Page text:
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She and Him’s Sweet Retro-Pop Union

On their second record, the duo cover NRBQ, channel Roy Orbison

Rolling Stone IN Mar 10, 2010

While many bands retreat into the studio for months to make an album, She and Him make records the modern way: They multi-task. Their second album, Volume Two, was recorded whenever Zooey Deschanel could spare time from acting gigs and when cohort M Ward wasn’t on a solo tour or out with Monsters of Folk. “We’d grab a few days here or a week there,” Deschanel says. “I’m used to working on the fly.”

The band’s first opportunity to listen to the fully mixed album comes in a Seattle studio the day after Christmas. Deschanel seems to revel in the activity, and she’s even baked macaroons for the playback. “I don’t think if we went away for two months, it would be good for the songs,” Ward says. Scheduling challenges meant Volume Two was recorded in Los Angeles and Portland, Oregon, in three different studios, but that’s the nature of things since She and Him formed in 2007. “Songwriting is a release for me,” Deschanel says. “I’d write a song and send it off to Matt to see what he thought.”

Though Deschanel is married to Death Cab for Cutie’s Ben Gibbard, who drops her off at the studio, she’s emphatic that no one, including the label, hears any of the She and Him material until she and Ward are done. “One thing we are quite strict about,” Deschanel says, “is that this is its own bubble.”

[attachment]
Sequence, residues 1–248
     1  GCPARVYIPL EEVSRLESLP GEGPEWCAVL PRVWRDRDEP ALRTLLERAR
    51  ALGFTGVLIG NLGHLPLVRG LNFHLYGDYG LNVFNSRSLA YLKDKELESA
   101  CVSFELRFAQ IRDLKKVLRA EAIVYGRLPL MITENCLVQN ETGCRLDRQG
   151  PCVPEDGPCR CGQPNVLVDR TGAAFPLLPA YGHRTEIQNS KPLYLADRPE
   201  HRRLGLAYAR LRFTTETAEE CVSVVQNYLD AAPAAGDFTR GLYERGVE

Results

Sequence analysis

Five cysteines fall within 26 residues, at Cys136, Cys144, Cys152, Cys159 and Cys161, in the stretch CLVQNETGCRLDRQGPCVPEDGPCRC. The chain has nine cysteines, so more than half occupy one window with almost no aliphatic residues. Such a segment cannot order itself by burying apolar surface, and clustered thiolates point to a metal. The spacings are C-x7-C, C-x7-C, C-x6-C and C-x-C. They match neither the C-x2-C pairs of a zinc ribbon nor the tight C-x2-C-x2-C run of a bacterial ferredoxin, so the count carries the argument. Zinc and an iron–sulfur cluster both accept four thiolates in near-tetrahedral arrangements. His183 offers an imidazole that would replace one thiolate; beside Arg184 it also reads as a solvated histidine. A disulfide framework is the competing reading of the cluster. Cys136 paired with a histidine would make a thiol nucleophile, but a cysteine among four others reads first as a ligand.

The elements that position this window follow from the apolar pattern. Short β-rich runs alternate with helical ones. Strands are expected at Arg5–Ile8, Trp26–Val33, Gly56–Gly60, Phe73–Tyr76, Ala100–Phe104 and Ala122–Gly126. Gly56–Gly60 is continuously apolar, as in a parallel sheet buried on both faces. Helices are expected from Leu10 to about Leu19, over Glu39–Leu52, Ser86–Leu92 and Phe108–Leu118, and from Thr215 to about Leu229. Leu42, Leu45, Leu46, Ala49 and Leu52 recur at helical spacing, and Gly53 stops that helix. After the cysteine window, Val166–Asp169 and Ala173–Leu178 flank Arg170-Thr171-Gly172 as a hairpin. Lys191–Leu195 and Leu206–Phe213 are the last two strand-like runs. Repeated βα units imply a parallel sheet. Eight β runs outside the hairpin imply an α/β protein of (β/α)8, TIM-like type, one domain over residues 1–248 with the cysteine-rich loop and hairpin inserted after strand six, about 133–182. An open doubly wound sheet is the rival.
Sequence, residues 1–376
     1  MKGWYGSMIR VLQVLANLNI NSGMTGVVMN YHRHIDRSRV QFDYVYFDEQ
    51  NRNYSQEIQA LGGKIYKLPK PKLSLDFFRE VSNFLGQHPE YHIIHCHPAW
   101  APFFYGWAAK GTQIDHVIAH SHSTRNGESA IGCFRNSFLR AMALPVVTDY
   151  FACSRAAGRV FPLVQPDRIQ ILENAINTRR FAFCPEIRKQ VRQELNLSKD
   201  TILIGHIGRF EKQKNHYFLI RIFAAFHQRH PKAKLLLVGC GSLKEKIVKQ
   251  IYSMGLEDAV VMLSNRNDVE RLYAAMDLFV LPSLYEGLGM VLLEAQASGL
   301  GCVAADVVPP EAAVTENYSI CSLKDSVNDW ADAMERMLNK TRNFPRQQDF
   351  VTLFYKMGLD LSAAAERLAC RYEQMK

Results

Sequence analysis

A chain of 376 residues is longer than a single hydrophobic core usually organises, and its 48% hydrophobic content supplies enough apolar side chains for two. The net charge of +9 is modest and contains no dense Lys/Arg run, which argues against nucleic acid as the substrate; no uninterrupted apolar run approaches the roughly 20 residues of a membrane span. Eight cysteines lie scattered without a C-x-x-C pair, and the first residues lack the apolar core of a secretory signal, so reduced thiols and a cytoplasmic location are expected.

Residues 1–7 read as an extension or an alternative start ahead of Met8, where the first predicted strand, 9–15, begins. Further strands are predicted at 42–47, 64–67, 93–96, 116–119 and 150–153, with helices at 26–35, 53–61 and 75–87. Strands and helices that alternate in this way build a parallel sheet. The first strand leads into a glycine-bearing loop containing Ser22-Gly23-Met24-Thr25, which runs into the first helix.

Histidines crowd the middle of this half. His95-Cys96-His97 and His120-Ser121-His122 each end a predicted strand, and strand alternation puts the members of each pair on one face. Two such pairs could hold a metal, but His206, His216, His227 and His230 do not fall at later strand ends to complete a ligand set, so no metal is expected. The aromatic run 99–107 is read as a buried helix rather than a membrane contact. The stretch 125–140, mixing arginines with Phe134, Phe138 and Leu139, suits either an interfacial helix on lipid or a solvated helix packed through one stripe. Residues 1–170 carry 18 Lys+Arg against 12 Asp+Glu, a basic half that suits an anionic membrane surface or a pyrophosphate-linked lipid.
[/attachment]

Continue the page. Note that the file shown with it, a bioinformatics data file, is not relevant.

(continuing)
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This musical marriage between Ward and Deschanel, which yielded a big indie hit with the debut, continues on the follow-up with a spry, sunny mix of folk rock and pop. On the lead single, ”˜In the Sun,’ Deschanel croons like Ronnie Spector, while Ward creates an acoustic-guitar wall of sound in the background. ”˜Thieves’ is even better, and contrasts Deschanel’s increasingly confident singing with a string section that builds like a Roy Orbison classic.

If there’s an offbeat, nostalgic feel to Volume Two, that’s due to Ward and Deschanel’s mutual thrift-store tastes. “A lot of people say we sound ”˜retro,’” Ward says. “I don’t want it to take people to a particular place in time, just to a faraway place.” Fittingly, the album’s two covers are Skeeter Davis’ 1964 ”˜Gonna Get Along Without You Now’ and NRBQ’s 1977 ”˜Ridin’ in My Car.’ Says Deschanel, “If I could go back in time, I’d want to be an AM Gold artist.”

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